Joy Phinizy Williams

Joy Williams

Dean Williams has facilitated the education, training and professional development of more than 400 physicians under-represented in Medicine, and nurtured the career aspirations of over 5000 high school and undergraduate students interested in health careers

Joy Phinizy Williams served the Office of Minority Student Development for 35 years in the role of Senior Associate Dean for Students, Director of the Georgetown Experimental Medical Studies (GEMS) Program, and Director of the Greater Washington Metropolitan Area Junior Science and Humanities Symposium at Georgetown University School of Medicine. Equally important to sustaining a legacy of committed leadership to Diversity and Inclusion, Dean Williams played a significant role in the professional development of the first African American male Dean at Georgetown School of Medicine.

Dean Williams was actively involved in community based partnerships serving as the Projector Leader for the Eastern Senior High School Health and Medical Science Academy’s Service Learning Project, and on the Advisory Committee for the National Institutes of Health Science in Our Lives’ Initiative. Employing a variety of strategies, all of these programs share the common goal of developing the capability of minority and other disadvantaged students to excel in science and math, and to prepare them for careers in Medicine or other health profession.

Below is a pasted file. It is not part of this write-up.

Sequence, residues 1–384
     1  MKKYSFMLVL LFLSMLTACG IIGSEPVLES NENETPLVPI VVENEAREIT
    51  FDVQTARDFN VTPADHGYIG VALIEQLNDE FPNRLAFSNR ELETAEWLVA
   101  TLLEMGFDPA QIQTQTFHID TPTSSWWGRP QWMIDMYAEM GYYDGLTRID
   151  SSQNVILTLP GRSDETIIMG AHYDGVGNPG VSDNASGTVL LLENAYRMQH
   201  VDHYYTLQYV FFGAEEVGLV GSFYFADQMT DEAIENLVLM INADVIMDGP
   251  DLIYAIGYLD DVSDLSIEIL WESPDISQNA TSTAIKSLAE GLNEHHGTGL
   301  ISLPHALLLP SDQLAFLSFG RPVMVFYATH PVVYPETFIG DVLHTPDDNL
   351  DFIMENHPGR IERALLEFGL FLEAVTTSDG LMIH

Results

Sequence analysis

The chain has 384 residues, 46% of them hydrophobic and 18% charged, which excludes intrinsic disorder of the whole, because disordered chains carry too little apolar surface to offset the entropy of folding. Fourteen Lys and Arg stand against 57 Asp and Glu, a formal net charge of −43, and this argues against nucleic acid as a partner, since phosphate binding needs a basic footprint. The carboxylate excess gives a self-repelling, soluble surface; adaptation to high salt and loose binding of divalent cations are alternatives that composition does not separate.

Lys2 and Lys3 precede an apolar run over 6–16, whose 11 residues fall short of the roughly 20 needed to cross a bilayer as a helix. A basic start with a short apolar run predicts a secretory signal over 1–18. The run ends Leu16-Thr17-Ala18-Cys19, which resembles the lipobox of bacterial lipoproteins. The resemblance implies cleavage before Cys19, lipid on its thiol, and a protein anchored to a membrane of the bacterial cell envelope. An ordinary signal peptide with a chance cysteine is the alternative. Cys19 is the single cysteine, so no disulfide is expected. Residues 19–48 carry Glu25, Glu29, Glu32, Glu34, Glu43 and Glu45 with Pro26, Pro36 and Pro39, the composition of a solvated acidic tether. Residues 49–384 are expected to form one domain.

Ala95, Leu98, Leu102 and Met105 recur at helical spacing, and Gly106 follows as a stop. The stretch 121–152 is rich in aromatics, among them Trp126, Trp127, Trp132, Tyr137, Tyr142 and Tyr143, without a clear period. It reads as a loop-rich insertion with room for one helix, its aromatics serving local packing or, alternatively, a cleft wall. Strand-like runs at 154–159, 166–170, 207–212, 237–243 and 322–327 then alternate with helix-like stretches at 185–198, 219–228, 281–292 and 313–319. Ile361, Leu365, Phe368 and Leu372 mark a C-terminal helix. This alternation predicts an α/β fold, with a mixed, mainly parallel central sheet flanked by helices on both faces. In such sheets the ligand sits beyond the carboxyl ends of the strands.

At Georgetown School of Medicine, Dean Williams served as principal investigator and program director of numerous training programs for high school, pre-medical, post-baccalaureate and medical students. She served on the GEMS Admissions Committee and the GEMS Academic Advisory Committee, and represents the school of medicine in the Association of American Medical Colleges’ (AAMC) Group on Student Affairs, and the AAMC Committee on Diversity Affairs. She was the Liaison to the AAMC Careers in Medicine Program and contributed to that program’s development as a member of its Advisory Committee. In November 2009, Dean Williams was invited to join a small working group to explore possibilities for including measures of integrity, dependability, empathy and other personal characteristics on the 2015 version of the MCAT. The efforts of this working group were recently published in the Journal of Academic Medicine, May 2013.

Dean Williams has shared her visionary leadership and passion for student development as the coordinator of the school of medicine’s Pre-Clinical Advising Program, and also served as one of the school of medicine’s most well respected and beloved Pre-Clinical Advisors, imparting wise advice and counsel to medical students.

Prior to joining the Georgetown faculty in the Department of Family Medicine in 1979, Dean Williams was instrumental in the development of outreach and education programs under the sponsorship of the League of Women Voters Education Fund and the Office of Economic Opportunity.

Given her lifetime of service to Health Professions Education and Advocacy, and the legacy of Health Professionals and Educators who are advocates for the most vulnerable populations in society, it is our honor to celebrate the legacy of leadership of Joy Phinizy Williams.

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